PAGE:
A couple of years ago I spent the day at a High School, talking to English classes of students aged 15-17 about writing. It was a fun day, the kids were smart, engaged and I like to perform.
During a library Q&A session a girl asked, “Where do you get your ideas from?”
It’s the most common question authors get along with, “Why?”
My stock answer is, “I order my ideas online. They come from a factory in China, in a cardboard box labelled Tractor Parts.”
I then went on to talk about how it works. For creative types (which is anyone who actually stops long enough to poke at a random thought) ideas come from everywhere.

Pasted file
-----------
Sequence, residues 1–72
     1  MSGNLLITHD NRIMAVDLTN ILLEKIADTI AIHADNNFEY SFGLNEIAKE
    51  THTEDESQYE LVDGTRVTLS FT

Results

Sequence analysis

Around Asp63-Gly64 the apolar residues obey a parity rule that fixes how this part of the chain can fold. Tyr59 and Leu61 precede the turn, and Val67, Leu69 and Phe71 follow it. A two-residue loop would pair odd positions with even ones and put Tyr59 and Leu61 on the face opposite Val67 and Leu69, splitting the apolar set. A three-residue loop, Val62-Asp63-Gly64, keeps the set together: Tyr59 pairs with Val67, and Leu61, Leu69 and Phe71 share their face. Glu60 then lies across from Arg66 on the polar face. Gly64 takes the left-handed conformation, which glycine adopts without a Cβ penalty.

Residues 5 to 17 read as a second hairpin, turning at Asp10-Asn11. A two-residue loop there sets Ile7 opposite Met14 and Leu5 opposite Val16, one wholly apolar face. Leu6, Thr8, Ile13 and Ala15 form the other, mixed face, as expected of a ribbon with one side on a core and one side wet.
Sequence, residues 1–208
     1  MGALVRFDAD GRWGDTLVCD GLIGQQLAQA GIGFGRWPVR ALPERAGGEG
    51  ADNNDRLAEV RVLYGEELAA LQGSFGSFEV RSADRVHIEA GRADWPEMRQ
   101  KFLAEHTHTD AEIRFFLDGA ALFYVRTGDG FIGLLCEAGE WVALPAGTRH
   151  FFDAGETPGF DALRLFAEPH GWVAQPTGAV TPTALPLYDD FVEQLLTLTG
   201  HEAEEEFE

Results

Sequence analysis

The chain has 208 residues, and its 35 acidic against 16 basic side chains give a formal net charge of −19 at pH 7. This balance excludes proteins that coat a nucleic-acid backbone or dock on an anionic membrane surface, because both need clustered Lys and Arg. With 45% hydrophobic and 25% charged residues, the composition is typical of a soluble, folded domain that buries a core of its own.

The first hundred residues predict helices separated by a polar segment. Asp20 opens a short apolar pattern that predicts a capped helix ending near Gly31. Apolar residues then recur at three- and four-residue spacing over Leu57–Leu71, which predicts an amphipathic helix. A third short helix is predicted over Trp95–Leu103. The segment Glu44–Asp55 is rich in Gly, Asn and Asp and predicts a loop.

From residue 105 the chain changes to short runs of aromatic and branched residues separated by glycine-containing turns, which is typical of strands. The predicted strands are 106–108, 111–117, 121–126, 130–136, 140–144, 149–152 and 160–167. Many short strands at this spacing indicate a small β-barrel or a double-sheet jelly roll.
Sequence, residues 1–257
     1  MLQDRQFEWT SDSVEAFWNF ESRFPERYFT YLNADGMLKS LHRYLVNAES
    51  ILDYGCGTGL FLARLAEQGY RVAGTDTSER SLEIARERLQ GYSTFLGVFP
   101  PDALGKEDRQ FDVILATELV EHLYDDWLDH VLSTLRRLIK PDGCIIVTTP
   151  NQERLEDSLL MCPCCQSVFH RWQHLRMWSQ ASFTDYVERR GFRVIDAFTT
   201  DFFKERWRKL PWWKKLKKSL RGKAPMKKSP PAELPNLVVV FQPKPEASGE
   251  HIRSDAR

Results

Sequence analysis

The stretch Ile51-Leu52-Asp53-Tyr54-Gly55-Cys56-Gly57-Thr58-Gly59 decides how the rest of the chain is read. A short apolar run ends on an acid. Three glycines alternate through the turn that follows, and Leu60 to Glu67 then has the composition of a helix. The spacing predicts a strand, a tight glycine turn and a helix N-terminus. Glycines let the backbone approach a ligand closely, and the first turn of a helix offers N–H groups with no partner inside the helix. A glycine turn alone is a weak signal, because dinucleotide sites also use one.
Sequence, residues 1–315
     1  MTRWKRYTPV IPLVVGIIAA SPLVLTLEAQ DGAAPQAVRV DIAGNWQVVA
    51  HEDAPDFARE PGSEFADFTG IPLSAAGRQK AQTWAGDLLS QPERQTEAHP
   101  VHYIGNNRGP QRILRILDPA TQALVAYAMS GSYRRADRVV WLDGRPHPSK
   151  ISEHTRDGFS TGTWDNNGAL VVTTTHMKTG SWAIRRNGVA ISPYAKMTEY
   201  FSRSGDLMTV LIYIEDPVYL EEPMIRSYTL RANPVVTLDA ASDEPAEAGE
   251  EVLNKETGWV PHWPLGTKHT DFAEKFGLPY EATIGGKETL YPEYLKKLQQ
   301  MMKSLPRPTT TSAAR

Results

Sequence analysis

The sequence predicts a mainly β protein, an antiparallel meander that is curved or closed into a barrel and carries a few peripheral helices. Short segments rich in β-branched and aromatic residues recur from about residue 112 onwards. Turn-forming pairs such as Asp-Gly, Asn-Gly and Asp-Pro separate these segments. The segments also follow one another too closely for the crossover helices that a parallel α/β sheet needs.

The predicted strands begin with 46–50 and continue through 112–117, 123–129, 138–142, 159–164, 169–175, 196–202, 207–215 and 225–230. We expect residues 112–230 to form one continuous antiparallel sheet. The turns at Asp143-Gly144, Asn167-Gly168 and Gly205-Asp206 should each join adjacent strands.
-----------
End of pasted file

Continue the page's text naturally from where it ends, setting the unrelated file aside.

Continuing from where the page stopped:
The best ideas come from asking What If?
The rest is just typing until your fingers bleed.
“However beautiful the strategy, you should occasionally look at the results.” ~ Winston Churchill
I learned some new management-speak today. In a culture that thrives on keywords, catch-phrases and some really incomprehensible assaults on the English language, this one stood out in a good way.
Lead. Align. Follow.
I immediately thought of how this applies to writers. We are a constantly moving organism with a million individual writers and artists, each of us working in isolation for the most part. We read widely, we write furiously.